A Man and His Flock

silkie chickens

Through five years of worldly travel, the domestic poultry have always shared the land with me, whether the incessant crowing of the Meso-American feral chickens, the wandering poultry of Morocco, hardy Icelanders in the sub-Arctic, or the small scale backyard chicken flocks of Canada and Europe. The chicken has always been a jovial companion, and a presence of the wilderness to me. The first farm animal I ever met was a chicken, my grandfathers’, and I find in their ancient nature, something deep, grounded, and self-reliant. This spring I wanted to tend to some my own, and started to collect a small flock of exotic chickens.

It started with three Ayam Cemani roosters that I picked up in Wooler, Ontario, then soon after gave them a lady. Since the Ayam Cemani Roo’s were bonded, they took to protecting her together, forming a kind of reverse harem relationship. Then came the Silkie chickens and Banteys from other flock owners in this village of Marlbank. The Silkies came to live on one side of the coop, with the Banteys and Cemani’s on the other. The former being a land race, and flightless are more gentle, and weaker than the more robust Cemani’s and the fiesty Bantey’s. The Bantey chickens are the original English fighting game bird, though I only keep two hens, and we culled the rooster for a winter stew. The birds weathered the last of the cold weather in March under heat lamps, and after about a month, I brought in three Red Sexlinks, which are a hybrid of the Rhode Island Red Rooster, and the New Hampshire hens. They are prolific egg layers, and I have had egg sustainability since they landed on the farm. Usually I can gather a dozen eggs in two days, and I tend to eat 4-6 eggs per day for a protein source.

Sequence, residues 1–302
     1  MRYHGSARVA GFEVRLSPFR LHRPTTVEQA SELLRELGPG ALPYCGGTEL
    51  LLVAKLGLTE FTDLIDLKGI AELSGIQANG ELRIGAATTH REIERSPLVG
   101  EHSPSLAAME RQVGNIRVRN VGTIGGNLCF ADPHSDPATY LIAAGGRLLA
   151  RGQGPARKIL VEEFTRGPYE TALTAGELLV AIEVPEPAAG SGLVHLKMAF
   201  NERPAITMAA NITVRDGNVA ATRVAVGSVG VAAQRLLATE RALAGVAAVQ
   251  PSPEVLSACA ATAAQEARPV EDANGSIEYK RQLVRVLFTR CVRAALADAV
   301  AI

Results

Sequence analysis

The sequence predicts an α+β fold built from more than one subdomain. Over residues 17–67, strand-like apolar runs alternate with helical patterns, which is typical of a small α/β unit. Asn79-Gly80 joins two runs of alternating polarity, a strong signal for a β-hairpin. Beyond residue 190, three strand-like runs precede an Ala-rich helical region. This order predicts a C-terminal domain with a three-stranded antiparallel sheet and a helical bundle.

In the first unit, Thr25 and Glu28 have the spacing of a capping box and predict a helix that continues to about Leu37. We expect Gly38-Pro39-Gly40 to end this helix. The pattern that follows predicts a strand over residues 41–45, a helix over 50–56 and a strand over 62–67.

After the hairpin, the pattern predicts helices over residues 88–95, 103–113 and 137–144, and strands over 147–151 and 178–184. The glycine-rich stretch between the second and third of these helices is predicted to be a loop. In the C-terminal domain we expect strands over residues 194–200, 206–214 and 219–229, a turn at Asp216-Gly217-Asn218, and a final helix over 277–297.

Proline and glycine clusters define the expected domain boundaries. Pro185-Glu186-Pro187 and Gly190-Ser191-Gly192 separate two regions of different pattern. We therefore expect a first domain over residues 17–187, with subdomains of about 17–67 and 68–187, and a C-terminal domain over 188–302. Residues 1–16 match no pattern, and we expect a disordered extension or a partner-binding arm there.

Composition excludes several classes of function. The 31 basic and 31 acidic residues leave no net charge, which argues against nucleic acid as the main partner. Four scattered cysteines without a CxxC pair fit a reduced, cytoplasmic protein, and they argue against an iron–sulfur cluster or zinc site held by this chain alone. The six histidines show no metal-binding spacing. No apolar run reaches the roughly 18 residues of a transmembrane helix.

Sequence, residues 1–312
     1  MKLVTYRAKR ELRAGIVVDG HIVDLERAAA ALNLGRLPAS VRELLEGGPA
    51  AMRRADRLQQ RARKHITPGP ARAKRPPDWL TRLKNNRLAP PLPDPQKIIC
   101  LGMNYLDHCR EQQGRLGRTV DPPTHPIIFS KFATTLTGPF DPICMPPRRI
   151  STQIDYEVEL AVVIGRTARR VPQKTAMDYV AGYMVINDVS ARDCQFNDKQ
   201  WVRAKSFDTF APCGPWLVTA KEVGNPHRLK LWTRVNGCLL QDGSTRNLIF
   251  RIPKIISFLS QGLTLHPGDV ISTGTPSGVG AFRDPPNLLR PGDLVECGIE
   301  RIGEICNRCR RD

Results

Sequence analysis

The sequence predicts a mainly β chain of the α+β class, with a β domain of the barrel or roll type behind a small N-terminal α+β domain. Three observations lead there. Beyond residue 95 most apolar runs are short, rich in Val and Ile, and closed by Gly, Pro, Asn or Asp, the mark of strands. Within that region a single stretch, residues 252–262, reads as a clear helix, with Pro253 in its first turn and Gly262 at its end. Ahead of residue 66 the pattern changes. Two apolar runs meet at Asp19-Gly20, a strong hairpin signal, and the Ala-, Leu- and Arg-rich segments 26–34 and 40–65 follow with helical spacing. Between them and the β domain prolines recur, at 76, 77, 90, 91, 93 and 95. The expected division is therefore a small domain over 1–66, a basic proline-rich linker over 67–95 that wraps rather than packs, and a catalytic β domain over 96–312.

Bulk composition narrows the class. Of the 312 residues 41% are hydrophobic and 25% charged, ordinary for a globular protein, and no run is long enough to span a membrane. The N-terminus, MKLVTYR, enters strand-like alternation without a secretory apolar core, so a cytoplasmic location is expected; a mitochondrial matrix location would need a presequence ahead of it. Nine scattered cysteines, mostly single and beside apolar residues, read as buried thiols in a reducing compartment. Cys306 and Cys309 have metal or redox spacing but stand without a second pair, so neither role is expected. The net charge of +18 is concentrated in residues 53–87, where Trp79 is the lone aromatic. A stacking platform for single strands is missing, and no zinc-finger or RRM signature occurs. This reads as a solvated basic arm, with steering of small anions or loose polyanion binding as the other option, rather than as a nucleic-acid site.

For 7 years, I had heard of the Ayam Cemani breed with their blackened feathers, black meat, bones, comb, feet, and internal organs. They lived in myth, until I finally saw them in person. The Silkies came with much the same folkloric baggage, a strange Indonesian bird from the island of Java with five talons, black skin, feathers resembling fur, that did not fly, and wore strange plumage of white, grey, gold, or brown with tufts on their head. In the morning, I put two of the smaller silkies on my shoulders to roost, while I poured the chicken cereals into their feeding troughs. They happily perch while I would continue the morning ritual. For the first month I kept them inside their spacious coop, and would free range them a couple hours per day. Then a gift of a chicken tractor was acquired for use in having the chickens with an open bottom mobile coop. I ran this over a small patch of hay field in three day rotations with the black jungle fowl, the red layers, and the fiesty banteys, and they formed a pecking order that in my eyes accommodated every bird, without any harm or fighting. I broadcast a medley of seeds into the earth floored tractor, and moved the birds in three day rotation slots, during this time, they scratched and mowed the ground into a fine tillage, ate the grasses and bugs, and layed eggs into the small piles of clippings they made. At dusk I visit them again to lead them back to the coop, while they follow loyally for their dinner inside, and find their roosting positions for the night. I simply collect the eggs from the shaded partition at the back of the chicken tractor.